Building capacity through research: piloting SH+ with South Sudanese Refugees
Addressing the “access” and “scale” challenge: cost-effectiveness of a new WHO guided psychosocial self-help programme
On the 26th and 27th of January, the Self Help Plus (SH+) team met in Uganda to discuss the results from two previous pilot studies: one uncontrolled pilot and one feasibility randomized controlled trial. SH+ is a highly innovative programme developed by the World Health Organization (WHO) for humanitarian settings where prevalence of psychological distress is high and access to services is limited. As described in our previous blogs, SH+ combines a pre-recorded audio course and illustrated book designed for low-literacy populations which is delivered in a large group setting (20 – 30 people) by trained facilitators. It is being implemented by the Peter C. Alderman Foundation (PCAF) in Uganda as part of a World Health Organization (WHO) research project.
The goal of the meeting was to discuss lessons learned from this pilot to enhance the intervention and research design, and to finalize planning for a fully powered cluster randomized clinical trial. The clinical trial will serve as our culminating assessment of SH+ for South Sudanese refugee women living in Northern Uganda. The trial will compare women experiencing high levels of psychological distress who have volunteered to participate in SH+ sessions to similar women who have access to enhanced usual care. We are expecting to involve women from as many as 14 different villages within and around a refugee settlement in Northern Uganda called Rhino Camp.
Members of the research, intervention, and clinical referral teams from northern Uganda joined the lead SH+ trainer from WHO and the research team from the PCAF, and John Hopkins University to discuss both finer details and critical overarching strategies to make sure the trial runs smoothly from start to finish. We welcomed two new international team members.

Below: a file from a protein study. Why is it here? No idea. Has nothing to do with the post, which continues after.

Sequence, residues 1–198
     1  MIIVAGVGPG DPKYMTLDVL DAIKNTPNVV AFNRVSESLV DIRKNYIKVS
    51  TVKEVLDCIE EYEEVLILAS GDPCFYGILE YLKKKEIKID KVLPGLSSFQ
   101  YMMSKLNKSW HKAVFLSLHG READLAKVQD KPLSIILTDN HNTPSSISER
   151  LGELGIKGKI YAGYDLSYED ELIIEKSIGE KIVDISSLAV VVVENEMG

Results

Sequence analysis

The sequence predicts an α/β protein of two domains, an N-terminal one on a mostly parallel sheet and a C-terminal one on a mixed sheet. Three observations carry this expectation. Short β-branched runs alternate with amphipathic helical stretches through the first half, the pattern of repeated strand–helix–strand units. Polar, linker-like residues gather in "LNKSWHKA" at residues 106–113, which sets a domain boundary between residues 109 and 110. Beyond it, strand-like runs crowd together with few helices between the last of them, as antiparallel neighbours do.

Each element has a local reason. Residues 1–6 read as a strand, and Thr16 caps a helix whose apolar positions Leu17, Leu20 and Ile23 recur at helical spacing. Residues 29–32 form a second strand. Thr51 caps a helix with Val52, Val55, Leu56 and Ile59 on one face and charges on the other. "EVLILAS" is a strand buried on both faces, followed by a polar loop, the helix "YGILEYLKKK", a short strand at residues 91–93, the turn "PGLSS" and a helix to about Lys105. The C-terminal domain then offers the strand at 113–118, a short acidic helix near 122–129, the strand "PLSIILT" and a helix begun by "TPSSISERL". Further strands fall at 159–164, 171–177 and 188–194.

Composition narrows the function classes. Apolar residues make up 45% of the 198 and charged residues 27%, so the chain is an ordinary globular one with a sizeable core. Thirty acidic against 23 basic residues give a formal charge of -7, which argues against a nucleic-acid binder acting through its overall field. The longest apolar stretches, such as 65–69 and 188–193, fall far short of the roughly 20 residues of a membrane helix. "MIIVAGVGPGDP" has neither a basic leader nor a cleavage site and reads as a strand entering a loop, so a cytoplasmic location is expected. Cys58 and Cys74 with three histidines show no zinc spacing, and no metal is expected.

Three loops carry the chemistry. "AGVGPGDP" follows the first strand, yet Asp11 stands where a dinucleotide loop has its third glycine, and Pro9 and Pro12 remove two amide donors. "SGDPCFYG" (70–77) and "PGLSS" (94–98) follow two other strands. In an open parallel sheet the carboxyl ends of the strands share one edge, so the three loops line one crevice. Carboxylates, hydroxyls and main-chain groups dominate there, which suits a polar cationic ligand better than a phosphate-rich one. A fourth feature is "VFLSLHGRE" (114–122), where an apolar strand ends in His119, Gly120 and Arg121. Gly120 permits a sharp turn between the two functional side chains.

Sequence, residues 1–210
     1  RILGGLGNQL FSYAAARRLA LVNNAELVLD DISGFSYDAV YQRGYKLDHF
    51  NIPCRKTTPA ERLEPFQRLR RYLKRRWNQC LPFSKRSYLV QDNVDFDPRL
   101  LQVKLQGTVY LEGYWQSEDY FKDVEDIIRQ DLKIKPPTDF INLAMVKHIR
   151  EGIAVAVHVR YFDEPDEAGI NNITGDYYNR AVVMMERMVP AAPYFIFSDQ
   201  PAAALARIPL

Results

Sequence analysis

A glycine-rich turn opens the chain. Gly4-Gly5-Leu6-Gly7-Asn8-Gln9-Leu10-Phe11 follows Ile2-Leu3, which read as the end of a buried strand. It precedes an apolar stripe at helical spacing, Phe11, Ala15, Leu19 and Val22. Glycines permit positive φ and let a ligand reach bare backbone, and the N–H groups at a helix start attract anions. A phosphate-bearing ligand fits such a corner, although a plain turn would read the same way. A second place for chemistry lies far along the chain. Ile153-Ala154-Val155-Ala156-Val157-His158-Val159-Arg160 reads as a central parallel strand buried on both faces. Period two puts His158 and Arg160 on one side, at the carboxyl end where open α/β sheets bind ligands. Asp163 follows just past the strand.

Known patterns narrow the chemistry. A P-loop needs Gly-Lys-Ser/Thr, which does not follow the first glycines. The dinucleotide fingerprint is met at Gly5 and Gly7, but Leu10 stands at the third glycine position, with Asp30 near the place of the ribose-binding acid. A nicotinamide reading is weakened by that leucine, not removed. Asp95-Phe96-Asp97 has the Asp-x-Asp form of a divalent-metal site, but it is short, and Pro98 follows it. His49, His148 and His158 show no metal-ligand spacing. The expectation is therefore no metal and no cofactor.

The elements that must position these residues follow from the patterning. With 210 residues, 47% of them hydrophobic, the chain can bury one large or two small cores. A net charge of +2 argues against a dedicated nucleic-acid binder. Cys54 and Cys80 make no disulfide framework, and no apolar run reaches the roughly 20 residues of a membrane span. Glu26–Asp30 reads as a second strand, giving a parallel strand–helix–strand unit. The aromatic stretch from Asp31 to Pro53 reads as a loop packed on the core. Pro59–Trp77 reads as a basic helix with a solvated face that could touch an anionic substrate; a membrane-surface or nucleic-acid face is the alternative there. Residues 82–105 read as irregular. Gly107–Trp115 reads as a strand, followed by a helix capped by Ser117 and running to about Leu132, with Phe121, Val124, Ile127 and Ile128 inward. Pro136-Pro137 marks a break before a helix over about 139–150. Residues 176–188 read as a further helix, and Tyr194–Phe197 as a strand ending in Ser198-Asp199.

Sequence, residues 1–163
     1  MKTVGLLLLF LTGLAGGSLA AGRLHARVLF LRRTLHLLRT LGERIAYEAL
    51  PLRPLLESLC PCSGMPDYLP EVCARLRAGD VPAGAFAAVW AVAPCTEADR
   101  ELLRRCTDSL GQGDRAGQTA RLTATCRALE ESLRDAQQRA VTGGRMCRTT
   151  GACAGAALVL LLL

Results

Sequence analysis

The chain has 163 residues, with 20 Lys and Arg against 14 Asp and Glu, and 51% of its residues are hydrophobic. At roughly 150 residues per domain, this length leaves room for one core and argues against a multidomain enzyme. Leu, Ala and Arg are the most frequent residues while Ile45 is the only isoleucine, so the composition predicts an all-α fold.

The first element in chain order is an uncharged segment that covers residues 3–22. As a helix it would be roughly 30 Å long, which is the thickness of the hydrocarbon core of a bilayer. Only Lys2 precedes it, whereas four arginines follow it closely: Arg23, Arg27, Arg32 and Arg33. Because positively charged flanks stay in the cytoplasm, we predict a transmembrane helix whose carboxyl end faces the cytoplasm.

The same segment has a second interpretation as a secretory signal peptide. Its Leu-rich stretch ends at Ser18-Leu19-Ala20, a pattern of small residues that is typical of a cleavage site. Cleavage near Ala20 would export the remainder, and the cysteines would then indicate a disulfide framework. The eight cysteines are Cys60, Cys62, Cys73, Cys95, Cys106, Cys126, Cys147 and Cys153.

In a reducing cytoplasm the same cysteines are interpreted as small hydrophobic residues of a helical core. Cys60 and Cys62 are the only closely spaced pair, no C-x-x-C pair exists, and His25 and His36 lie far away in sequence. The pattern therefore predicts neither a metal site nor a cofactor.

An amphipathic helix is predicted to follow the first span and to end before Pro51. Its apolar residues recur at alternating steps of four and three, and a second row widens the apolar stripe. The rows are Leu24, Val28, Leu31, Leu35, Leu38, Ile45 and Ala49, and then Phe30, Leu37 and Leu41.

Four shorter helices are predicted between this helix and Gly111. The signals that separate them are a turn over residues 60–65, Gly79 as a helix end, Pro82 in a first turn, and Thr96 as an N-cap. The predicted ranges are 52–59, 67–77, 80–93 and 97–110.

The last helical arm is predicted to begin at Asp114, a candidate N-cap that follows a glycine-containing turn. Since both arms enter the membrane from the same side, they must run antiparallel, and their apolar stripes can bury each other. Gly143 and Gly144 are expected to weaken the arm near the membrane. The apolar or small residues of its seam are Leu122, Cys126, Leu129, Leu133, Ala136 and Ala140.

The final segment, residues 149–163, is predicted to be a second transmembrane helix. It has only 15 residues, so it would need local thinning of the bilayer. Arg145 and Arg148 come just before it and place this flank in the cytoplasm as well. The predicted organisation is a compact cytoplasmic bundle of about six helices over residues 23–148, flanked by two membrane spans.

The results from our small, feasibility, cluster randomized controlled trial were generally positive. We were excited to see a notable reduction in psychological distress from baseline to the end for those participating in SH+ program compared to a control group, as well as an increase in the psychological flexibility of participants. Psychological inflexibility has been linked to poorer psychological wellbeing, and maladaptive behaviour patterns in several populations. These results are however very preliminary as only one group was randomized to either receive SH+ or enhanced usual care.
While there are certainly continued challenges that will need to be planned for in our larger study, the team is energized and enthusiastic to meet them. We had important discussions on potential logistical problems, finalizing our measures, futher refinements to the intervention, and planning for a much larger study. Though daunting, we are confident that the discussed challenges can be addressed.
The meeting showed the results of almost two years of work translating and adapting the intervention, and conducting two pilots, and showed the benefits extend beyond a good research study. At the start of the SH+ project in Arua, northern Uganda, research capacity of the PCAF team in Arua was limited. For the first pilot a research coordinator was recruited, along with a team of research assistants and intervention faciltiators. Through training and experience over two pilots, the research and intervention team have developed strong skill sets in their areas. The local project coordinator is now running the project with support from international advisors; a researcher and facilitator have assumed management responsibilities of expanding teams; for the present trial, the lead SH+ facilitator and PCAF social worker will be further trained in delivering and supervising SH+ implementation, using a variation of the Apprenticeship model (a training and capacity building approach used for delivering psychological internvetions in low resource settings).
This increased capacity is likely to benefit any future research or intervention projects in the Rhino Camp area, even after the SH+ project ends. Should SH+ prove effective in the trial, the increased capacity also provides PCAF with the framework for quicker dissemination of the intervention with a strong monitoring and evaluation component. This could potentially make a meangingful contribution to humanitarian interventions with South Sudanese people. The work would also lead to the development of a model for dissemination in other humanitarian contexts.
Our research team is finalizing screening and recruitment procedures, preparing to train more enumerators, and establishing a detailed timeline for conducting the trial. The intervention team is expanding to accommodate the larger number of participants expected for this trial. We are planning to begin screening participants in early March 2017. We look forward to seeing the result of the trial in late 2017.
Dan Lakin, MA | SH+ Research Associate | Johns Hopkins University
Leku Marx, Self Help+ Research Team Leader, Peter C. Alderman Foundation
Dr Ken Carswell: Technical Officer, WHO.